By Fred “Crash” Blechman
Hundreds of people showed up for a pancake breakfast served in honor of a popular Corona Airport (AJO) resident. The breakfast, held on Aug. 4, was a going away party for Rose, DreamFlight’s Douglas DC-3.
The Boeing Company recently purchased Rose and gifted the aircraft to the Wings of a Dream Museum (Museo Asas de um Sonho) in Sao Carlos, Brazil.
John and Betty Pappas own DreamFlight. Since purchasing Rose a decade years ago, John Pappas has trained and type-rated hundreds of captains and first officers in the DC-3. The aircraft has also been used to train individuals in DC-3 maintenance.
Rose was originally built in 1943 at the Douglas Aircraft factory in Santa Monica as a C-53 Skytrooper. The aircraft dropped paratroopers during the D-Day invasion of Europe in June 1944. Following her military duties, Rose flew for Pan American World Airways on their Panagra Central and South American routes, including Brazil. Corporate, commuter airlines and other endeavors filled the middle years of her flying career. Ten years ago, the Pappas purchased her from a businessman in Oregon.
Rose, which has flown about 29,000 hours, has been a favorite at air shows, tours and events around the country. The DC-3 recently made a seven-week national tour for a Turner Classic movie. She was featured in June on the History Channel series, “Our Generation—Come Fly With Me.”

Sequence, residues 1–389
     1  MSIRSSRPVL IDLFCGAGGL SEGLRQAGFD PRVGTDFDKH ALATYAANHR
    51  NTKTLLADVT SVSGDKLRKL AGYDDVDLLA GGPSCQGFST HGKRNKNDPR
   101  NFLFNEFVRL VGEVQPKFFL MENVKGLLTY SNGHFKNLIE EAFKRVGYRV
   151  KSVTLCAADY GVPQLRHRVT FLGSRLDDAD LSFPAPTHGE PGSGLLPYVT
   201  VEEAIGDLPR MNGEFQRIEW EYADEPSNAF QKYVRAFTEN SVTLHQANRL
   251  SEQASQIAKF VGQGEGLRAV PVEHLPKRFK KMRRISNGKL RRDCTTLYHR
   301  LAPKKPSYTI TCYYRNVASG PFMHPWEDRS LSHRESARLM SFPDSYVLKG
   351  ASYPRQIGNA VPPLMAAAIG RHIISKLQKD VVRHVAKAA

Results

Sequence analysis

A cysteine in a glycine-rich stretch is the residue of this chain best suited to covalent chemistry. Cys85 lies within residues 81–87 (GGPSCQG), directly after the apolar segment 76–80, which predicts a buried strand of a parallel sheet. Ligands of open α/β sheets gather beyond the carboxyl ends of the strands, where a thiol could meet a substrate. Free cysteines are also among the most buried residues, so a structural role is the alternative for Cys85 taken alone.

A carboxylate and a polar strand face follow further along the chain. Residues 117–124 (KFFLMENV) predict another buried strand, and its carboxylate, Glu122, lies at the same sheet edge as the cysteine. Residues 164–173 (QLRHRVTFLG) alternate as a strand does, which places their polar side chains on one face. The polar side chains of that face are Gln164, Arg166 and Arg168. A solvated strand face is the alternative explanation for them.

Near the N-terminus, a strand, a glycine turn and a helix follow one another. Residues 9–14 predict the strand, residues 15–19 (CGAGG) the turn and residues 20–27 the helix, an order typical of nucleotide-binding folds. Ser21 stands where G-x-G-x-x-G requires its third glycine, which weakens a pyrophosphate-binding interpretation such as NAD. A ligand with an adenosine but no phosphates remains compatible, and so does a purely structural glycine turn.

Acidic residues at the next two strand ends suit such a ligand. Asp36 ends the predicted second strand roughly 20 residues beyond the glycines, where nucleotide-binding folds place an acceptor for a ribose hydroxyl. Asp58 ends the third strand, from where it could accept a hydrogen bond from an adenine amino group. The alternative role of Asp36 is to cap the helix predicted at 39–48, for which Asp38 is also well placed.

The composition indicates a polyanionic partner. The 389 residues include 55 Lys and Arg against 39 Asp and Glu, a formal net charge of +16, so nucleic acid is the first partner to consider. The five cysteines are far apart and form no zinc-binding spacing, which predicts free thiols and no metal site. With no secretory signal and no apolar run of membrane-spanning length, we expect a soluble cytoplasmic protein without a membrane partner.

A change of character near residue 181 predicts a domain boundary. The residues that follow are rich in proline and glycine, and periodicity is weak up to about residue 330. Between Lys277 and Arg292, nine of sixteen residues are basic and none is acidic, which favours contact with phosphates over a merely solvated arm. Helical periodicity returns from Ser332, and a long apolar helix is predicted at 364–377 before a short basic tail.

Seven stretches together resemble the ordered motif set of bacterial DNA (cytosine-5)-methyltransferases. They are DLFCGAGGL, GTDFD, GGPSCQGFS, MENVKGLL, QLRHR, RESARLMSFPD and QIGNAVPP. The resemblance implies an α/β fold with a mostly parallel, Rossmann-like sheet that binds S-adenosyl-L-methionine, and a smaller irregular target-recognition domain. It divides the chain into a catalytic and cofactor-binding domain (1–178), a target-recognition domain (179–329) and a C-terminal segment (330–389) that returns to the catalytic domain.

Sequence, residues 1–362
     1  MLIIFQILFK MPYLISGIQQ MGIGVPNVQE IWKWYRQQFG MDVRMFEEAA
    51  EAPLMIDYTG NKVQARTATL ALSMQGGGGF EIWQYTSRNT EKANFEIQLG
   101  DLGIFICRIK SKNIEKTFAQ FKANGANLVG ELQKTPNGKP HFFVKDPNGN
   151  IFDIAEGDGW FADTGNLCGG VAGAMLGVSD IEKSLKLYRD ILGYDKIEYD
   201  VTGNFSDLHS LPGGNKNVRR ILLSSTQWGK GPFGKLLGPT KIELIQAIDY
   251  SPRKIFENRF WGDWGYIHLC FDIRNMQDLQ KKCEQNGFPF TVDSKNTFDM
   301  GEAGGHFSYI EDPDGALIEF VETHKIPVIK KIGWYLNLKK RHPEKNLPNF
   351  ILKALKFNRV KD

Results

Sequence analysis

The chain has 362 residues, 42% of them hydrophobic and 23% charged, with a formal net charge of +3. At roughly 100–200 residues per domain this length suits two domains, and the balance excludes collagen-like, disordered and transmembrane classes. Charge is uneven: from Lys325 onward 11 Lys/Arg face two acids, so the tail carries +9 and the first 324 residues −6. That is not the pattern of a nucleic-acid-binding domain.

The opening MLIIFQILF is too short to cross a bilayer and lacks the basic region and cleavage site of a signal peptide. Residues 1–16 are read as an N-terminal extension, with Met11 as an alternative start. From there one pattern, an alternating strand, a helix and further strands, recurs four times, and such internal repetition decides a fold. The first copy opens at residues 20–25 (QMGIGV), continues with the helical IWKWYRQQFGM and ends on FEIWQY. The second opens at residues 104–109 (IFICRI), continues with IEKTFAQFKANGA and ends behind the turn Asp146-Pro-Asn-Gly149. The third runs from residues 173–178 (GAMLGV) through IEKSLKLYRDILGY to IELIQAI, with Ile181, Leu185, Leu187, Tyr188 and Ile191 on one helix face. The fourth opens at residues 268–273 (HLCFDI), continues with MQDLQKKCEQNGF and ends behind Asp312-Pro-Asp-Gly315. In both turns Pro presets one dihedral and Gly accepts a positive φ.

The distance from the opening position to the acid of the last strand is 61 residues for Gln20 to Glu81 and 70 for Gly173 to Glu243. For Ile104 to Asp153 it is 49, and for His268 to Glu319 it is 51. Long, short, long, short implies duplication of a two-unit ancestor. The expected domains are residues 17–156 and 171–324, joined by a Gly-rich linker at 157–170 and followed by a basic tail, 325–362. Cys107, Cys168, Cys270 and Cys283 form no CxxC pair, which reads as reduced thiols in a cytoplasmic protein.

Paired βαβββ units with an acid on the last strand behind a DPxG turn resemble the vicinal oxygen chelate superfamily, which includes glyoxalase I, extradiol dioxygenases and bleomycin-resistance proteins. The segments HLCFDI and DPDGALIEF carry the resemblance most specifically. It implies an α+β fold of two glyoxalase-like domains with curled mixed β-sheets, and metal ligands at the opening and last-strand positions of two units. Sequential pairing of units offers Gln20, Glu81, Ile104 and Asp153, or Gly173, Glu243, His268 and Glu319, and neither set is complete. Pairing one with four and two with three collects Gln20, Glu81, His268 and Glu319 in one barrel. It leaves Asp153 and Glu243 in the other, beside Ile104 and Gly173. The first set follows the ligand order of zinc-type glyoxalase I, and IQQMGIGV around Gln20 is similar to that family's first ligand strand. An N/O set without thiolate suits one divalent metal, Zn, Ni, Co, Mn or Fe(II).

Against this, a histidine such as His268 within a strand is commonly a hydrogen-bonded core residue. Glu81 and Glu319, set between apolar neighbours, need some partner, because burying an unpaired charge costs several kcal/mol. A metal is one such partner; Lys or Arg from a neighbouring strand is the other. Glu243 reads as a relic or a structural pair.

John Pappas, who earned his pilot license in 1960, at the age of 17, has more than 15,000 flight hours.
“I’ve flown everything from Piper Cubs to corporate jets,” he said. “I’ve never flown airliners, other than reciprocating old vintage types and helicopters.”
He said they’ve been fortunate to have such a wonderful airplane as Rose.
“The best thing Rose has brought us is the wonderful people we’ve met over the years,” he said.
Betty Pappas said that losing Rose is “very bittersweet.”
“It’s been a very big part of our life,” she said.
John and Betty Pappas will be flying to Brazil on a modified great-circle route, with three other DreamFlight pilots. The journey is expected to take 25 days.
“We’ll make 13 stops, in Mexico and virtually every Central American country—longer than a direct flight of 5,260 miles,” John Pappas said.
Prior to the DC-3’s departure, well-wishers lined up along the taxiway paralleling Corona Airport’s runway. They waved goodbye as Rose lifted off, at 11 a.m., then turned around for a downwind, low, high-speed pass over the runway, before heading off on the first leg of the flight to Brazil.